Growfully Protip

While cilantro plants like full sun, some light shade during the hottest part of the day can help delay the bolting of your cilantro plants.

White flowers on a bolting cilantro plant
Once cilantro starts to bolt, the leaves and stems of the cilantro plant tend to get spindly and leggy. That’s okay! You can still clip off the leaves and use them in your cooking—you just won’t get quite the harvest you would before flowering.

How do you harvest coriander seeds from cilantro?

To harvest coriander seeds, let your cilantro plant flower, produce green fruit, and then allow the seeds to being to turn brown. When the plant begins to turn brown, cut off the seed heads and place them in a paper bag. As the seeds mature and brown, they will fall off and into the paper bag.

Store the finished coriander seeds in your pantry away from direct sunlight or in the refrigerator. Use them in curry, relishes, pickles, or to start your next batch of cilantro plants!

A cluster of coriander seeds on the plant

How do you use and store cilantro?

Cilantro adds a bright taste to all kinds of dishes from Latin America and Asia. Store fresh-cut cilantro in a damp kitchen towel in the crisper. Or, if you have a large amount, you can store a bouquet of cilantro in a jar of water on the countertop for 3 days or in the refrigerator for 7-10 days—changing the water every day.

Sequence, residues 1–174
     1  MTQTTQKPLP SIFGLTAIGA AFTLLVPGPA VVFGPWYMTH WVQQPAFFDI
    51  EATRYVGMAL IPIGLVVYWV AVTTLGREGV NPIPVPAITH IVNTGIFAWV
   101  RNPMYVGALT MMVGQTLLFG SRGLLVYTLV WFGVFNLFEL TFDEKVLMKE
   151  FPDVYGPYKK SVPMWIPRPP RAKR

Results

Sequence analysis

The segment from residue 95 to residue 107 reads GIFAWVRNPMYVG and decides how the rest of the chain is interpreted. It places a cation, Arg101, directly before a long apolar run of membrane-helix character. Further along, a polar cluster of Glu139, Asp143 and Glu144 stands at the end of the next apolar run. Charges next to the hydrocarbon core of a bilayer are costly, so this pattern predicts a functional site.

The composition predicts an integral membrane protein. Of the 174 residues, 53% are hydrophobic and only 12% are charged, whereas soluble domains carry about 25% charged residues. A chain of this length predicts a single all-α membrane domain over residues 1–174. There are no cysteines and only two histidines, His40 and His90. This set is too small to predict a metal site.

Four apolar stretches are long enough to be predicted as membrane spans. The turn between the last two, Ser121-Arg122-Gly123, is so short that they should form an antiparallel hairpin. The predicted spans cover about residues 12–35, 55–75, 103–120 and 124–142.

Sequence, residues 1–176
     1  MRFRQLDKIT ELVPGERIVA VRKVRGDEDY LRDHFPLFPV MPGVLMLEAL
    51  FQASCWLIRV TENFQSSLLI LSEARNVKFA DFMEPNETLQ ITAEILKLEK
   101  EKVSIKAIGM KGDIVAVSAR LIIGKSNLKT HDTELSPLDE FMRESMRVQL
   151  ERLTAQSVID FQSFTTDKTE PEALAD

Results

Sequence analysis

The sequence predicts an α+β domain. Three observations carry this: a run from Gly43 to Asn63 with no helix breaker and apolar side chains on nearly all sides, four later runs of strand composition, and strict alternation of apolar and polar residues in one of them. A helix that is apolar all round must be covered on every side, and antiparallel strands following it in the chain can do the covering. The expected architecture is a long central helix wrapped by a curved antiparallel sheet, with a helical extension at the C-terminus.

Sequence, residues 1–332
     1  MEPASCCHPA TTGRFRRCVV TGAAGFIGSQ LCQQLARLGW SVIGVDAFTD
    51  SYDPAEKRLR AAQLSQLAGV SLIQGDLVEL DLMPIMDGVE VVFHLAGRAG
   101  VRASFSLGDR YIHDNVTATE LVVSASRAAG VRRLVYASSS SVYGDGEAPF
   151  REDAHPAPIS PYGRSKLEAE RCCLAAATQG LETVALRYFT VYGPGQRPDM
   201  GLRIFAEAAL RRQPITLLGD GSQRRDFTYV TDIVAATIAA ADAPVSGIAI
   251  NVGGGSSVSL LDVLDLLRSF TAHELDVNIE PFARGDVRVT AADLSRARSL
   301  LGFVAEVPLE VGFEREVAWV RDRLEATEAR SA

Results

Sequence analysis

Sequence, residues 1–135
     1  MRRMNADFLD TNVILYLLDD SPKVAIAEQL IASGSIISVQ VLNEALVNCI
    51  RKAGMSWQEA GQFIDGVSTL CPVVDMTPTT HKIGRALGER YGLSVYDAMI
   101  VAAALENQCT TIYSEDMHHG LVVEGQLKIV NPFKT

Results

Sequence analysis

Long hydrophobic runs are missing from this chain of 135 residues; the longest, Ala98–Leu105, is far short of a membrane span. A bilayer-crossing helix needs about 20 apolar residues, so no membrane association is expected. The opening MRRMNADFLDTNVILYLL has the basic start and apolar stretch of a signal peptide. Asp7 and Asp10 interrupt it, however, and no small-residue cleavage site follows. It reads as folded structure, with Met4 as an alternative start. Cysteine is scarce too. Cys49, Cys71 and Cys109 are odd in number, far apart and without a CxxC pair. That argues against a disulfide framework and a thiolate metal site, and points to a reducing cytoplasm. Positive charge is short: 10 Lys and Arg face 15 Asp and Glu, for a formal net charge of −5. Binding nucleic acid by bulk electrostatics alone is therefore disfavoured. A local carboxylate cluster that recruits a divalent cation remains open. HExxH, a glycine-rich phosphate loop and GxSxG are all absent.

If the humidity in your home is low, you might get longer storage if you increase the moisture around the cilantro by placing an open zip-top bag on top of the cilantro.

Can I freeze cilantro? What about drying?

You can both freeze and dry cilantro, but we don’t recommend drying cilantro—it loses a lot of its strong flavor during the drying process. Instead, to get a similar flavor from a dried spice, use ground coriander seeds. Freezing is definitely the best way to preserve cilantro’s flavor!

Frozen green cubes made of pureed cilantro
You can make frozen herb bombs using cilantro to add a nice, bright flavor to soups, stews, and sauces. Finely mince fresh cilantro in a food processor. Mix with olive oil, and then spoon the paste into ice cube trays. Freeze solid, and then pop the cubes out and store them in an airtight container in the freezer. When you’re ready to use, drop a cube or two into your favorite dish!

Growfully Protip

You can also make freezer herb bombs with other herbs like sage, mint, and basil!

What are some good cilantro recipes?

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Cassie is a Certified Master Gardener and the founder of Growfully. She's been gardening organically for over two decades, and she's so excited to answer all the questions you have about gardening!

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3 Responses
  1. Tina

    Wow. I love cilantro and it’s a favorite . I didn’t realize that it would be best to freeze vs dry. I also didn’t know about the cutting it back and it would grow stronger.

    I do have a question. Last year my cilantro got poison ivy in it I think from a pollinator. But I don’t know what you can do for that.

    Thank you for these tips.

    1. Cassie Johnston

      Oh no! I think we’d put on good gloves and long sleeves to pull out the poison ivy and destroy it. Hope you don’t get a repeat this year!

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Hi! My name is Cassie.

I’m a Certified Master Gardener and founder of Growfully. I’ve been gardening organically for over two decades, and I’m so excited to answer all the questions you have about gardening!